Action by the Singapore government, in the form the Direct FAST industry working group, should help to address some of the shortcomings by developing business and technical requirements for non-banks to connect directly to FAST. Open accessibility will open doors to fintechs to adopt scan-and-pay services and bring greater e-wallet convenience to consumers.

In terms of reducing reliance upon cash, the introduction of PayNow – based on mobile phone or identity card numbers – was a major step forward. However, consumer behaviors are more deeply entrenched, and for this reason there are still limits on adoption of digital payments. While I predict that real-time payments will continue to make progress in Singapore in 2019 – especially with SGQR as a driver – greater merchant adoption is needed for the country to take bigger steps forward in its cashless journey. In a country where the regulator (Monetary Authority of Singapore) plays a critical role, Singapore is well placed to take these steps.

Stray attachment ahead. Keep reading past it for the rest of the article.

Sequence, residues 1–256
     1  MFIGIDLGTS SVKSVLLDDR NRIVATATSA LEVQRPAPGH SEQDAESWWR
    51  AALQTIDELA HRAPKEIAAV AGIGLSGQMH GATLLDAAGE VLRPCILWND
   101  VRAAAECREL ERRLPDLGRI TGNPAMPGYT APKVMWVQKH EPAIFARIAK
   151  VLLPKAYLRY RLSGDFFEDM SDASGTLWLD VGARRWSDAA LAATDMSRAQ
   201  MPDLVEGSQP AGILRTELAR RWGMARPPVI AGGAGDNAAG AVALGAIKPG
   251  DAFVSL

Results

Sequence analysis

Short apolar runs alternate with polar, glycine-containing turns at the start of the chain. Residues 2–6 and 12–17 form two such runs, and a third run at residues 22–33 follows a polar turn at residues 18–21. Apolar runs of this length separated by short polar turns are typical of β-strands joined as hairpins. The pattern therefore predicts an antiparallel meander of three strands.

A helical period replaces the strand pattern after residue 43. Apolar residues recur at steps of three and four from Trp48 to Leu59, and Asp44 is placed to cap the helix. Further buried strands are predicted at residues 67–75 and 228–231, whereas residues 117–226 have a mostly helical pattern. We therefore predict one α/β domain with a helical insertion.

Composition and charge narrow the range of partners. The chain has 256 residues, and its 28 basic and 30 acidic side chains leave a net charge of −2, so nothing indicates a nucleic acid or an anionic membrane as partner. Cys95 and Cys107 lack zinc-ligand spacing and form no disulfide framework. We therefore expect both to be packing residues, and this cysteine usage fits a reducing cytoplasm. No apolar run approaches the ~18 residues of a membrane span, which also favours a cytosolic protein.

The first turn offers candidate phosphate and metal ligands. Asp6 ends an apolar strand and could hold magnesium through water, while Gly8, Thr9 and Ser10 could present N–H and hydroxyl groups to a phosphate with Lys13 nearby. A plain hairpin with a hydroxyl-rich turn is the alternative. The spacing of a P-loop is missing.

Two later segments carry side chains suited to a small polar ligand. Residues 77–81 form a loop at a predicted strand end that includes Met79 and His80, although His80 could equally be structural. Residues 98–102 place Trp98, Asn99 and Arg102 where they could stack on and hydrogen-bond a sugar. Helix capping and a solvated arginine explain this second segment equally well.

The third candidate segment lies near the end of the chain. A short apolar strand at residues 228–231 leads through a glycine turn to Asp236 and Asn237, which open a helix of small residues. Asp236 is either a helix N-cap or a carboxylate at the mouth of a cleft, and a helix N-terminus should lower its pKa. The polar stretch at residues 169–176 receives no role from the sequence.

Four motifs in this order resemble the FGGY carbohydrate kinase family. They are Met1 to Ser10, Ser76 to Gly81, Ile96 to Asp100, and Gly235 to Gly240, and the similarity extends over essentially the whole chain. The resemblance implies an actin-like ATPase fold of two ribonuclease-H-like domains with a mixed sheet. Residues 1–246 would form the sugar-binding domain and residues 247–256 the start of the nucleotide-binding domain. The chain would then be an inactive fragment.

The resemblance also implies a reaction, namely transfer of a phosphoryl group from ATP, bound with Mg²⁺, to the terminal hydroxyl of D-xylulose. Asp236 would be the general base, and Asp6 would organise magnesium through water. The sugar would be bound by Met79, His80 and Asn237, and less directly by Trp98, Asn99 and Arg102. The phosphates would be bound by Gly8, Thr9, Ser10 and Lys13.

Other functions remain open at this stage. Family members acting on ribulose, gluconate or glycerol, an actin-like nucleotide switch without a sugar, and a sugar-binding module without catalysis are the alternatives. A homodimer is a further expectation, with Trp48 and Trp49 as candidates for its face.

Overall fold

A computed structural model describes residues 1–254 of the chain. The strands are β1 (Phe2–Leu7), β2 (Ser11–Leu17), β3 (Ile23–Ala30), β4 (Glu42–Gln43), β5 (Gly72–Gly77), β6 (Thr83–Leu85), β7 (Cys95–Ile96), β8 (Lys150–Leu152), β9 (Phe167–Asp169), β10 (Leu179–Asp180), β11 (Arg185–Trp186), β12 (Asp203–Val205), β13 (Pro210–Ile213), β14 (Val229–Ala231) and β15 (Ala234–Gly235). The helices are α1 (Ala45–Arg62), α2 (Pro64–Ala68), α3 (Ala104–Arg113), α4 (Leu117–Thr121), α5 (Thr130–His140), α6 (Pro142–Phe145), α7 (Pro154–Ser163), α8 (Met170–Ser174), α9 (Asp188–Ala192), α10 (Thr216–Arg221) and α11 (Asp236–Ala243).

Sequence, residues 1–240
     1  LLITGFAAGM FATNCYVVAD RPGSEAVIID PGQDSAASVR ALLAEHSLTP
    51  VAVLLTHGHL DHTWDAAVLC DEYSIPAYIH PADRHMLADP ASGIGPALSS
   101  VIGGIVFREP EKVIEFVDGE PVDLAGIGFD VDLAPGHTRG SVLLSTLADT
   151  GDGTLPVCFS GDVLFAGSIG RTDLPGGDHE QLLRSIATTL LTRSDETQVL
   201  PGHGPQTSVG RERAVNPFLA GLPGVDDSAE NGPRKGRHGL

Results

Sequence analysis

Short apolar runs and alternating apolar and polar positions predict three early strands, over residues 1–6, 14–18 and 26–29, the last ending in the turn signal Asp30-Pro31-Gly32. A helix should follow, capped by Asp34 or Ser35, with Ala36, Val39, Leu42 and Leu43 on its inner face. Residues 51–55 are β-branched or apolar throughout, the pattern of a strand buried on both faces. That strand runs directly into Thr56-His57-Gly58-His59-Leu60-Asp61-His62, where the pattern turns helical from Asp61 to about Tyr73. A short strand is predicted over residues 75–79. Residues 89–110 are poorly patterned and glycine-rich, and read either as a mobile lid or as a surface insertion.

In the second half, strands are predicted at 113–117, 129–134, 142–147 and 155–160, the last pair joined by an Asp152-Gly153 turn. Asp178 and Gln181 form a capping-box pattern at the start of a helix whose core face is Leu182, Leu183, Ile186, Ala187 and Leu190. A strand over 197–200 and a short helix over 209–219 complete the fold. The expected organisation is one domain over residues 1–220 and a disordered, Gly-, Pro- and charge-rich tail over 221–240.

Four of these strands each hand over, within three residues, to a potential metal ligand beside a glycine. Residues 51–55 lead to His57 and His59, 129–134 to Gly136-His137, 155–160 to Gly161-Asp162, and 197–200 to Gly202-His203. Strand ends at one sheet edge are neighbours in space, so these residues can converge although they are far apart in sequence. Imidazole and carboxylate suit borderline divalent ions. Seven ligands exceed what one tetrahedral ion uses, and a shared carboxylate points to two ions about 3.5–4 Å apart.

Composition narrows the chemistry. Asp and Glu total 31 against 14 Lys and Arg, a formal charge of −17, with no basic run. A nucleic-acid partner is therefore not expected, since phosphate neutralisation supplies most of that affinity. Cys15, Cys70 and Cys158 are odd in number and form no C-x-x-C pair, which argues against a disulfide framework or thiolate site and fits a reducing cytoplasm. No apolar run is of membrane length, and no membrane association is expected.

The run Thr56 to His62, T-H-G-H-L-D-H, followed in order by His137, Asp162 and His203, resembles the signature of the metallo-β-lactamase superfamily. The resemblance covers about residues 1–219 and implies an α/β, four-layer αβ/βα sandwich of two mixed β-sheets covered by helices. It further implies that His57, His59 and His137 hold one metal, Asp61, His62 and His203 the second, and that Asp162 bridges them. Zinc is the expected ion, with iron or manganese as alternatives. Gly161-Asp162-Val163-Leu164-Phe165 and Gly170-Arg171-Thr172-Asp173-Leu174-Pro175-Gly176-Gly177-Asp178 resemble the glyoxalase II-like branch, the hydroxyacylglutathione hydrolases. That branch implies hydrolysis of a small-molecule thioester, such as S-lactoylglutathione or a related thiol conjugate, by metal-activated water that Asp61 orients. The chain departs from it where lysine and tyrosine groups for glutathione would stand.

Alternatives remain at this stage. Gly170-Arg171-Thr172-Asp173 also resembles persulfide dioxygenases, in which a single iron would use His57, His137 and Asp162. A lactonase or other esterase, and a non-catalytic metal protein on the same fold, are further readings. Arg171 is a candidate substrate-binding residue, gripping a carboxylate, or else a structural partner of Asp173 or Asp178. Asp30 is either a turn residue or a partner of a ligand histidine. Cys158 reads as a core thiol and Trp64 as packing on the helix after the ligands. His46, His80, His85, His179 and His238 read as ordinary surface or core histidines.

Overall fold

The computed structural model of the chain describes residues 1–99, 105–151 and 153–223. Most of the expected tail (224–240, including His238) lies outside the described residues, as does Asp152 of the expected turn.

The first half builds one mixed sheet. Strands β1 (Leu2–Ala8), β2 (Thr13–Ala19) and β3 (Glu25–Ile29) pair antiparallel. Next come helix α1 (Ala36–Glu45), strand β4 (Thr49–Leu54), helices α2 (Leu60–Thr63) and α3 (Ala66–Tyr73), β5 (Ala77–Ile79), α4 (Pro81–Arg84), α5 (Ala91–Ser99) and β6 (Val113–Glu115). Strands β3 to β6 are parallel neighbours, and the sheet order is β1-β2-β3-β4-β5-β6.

Malaysia

Chee Cheng Ong, Director – Solution Consulting

PayNet (Payments Network Malaysia Sdn Bhd) is Malaysia’s national payments network and central infrastructure provider, responsible for successfully launching the country’s Real-Time Retail Payments Platform (RPP) just a few months ago. The first service offered to the public under the platform is DuitNow, an instant credit transfer with a national addressing database that links mobile numbers and national ID numbers to account numbers.

Since the launch of RPP and DuitNow, it has notched up a number of impressive achievements. PayNet has connected 30 participating banks in Malaysia, accounting for over 95 percent of the bank account market share, and compliance with messaging format ISO20022 will set the scene for future payment services including cross-border payments. The development of an addressing service enabled the launch of a central national database (retail account holders, associated mobile numbers national ID) and facilitated immediate peer-to-peer payments via DuitNow.

Transaction volumes are currently growing 50 percent month-on-month, reflecting the success of consumer awareness campaigns and a focus on e-payments to ensure that financial inclusion is addressed by the new national scheme.